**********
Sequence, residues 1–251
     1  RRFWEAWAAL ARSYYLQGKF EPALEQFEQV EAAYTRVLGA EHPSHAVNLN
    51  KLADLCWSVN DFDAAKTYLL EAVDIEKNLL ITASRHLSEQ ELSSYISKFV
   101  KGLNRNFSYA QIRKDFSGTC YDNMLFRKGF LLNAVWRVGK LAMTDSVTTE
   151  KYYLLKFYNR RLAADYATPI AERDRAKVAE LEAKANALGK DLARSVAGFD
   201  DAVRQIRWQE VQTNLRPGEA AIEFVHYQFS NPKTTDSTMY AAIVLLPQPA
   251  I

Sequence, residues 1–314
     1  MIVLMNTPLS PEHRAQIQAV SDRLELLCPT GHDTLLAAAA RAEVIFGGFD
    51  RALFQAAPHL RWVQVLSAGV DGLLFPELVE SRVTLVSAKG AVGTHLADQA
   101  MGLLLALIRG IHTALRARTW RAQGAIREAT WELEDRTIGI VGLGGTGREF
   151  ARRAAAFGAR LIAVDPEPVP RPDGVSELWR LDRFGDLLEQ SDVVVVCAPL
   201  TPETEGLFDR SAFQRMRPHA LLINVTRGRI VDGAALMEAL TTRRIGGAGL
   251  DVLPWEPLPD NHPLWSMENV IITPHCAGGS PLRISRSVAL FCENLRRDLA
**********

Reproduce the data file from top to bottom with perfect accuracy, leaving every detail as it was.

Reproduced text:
Sequence, residues 1–251
     1  RRFWEAWAAL ARSYYLQGKF EPALEQFEQV EAAYTRVLGA EHPSHAVNLN
    51  KLADLCWSVN DFDAAKTYLL EAVDIEKNLL ITASRHLSEQ ELSSYISKFV
   101  KGLNRNFSYA QIRKDFSGTC YDNMLFRKGF LLNAVWRVGK LAMTDSVTTE
   151  KYYLLKFYNR RLAADYATPI AERDRAKVAE LEAKANALGK DLARSVAGFD
   201  DAVRQIRWQE VQTNLRPGEA AIEFVHYQFS NPKTTDSTMY AAIVLLPQPA
   251  I

Sequence, residues 1–314
     1  MIVLMNTPLS PEHRAQIQAV SDRLELLCPT GHDTLLAAAA RAEVIFGGFD
    51  RALFQAAPHL RWVQVLSAGV DGLLFPELVE SRVTLVSAKG AVGTHLADQA
   101  MGLLLALIRG IHTALRARTW RAQGAIREAT WELEDRTIGI VGLGGTGREF
   151  ARRAAAFGAR LIAVDPEPVP RPDGVSELWR LDRFGDLLEQ SDVVVVCAPL
   201  TPETEGLFDR SAFQRMRPHA LLINVTRGRI VDGAALMEAL TTRRIGGAGL
   251  DVLPWEPLPD NHPLWSMENV IITPHCAGGS PLRISRSVAL FCENLRRDLA